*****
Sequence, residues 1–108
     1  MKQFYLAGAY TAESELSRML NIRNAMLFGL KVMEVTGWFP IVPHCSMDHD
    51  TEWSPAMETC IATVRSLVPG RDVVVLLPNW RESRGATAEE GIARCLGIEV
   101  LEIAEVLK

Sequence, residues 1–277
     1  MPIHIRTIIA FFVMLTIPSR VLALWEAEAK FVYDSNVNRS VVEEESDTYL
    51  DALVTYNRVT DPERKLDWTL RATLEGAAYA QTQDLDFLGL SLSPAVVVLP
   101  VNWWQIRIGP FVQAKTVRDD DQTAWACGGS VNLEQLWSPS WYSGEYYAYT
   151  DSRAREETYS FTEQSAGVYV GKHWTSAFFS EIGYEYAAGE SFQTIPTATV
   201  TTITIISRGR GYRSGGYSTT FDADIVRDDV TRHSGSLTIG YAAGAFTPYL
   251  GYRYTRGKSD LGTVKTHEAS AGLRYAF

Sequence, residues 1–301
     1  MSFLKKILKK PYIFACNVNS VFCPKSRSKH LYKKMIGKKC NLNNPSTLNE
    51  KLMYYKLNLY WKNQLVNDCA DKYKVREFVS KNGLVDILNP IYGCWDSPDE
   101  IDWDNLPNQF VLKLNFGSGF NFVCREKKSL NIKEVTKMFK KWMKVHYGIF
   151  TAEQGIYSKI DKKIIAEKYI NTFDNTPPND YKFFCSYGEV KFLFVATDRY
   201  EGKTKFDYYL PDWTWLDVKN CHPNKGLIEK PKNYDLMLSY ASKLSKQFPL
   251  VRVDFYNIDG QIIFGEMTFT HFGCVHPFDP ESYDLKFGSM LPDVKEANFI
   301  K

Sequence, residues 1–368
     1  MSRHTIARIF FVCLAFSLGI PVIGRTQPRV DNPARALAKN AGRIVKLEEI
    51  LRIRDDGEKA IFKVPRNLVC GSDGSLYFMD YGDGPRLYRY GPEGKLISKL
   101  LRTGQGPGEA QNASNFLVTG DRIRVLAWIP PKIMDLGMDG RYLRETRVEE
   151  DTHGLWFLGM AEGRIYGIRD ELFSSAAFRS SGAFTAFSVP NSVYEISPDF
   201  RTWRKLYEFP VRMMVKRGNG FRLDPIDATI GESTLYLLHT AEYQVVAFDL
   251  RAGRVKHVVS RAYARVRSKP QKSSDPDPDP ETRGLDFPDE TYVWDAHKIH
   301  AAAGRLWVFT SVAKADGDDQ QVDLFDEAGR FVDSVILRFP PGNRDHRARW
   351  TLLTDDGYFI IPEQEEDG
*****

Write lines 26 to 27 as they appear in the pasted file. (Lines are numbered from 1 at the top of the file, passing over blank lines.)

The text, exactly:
   251  RAGRVKHVVS RAYARVRSKP QKSSDPDPDP ETRGLDFPDE TYVWDAHKIH
   301  AAAGRLWVFT SVAKADGDDQ QVDLFDEAGR FVDSVILRFP PGNRDHRARW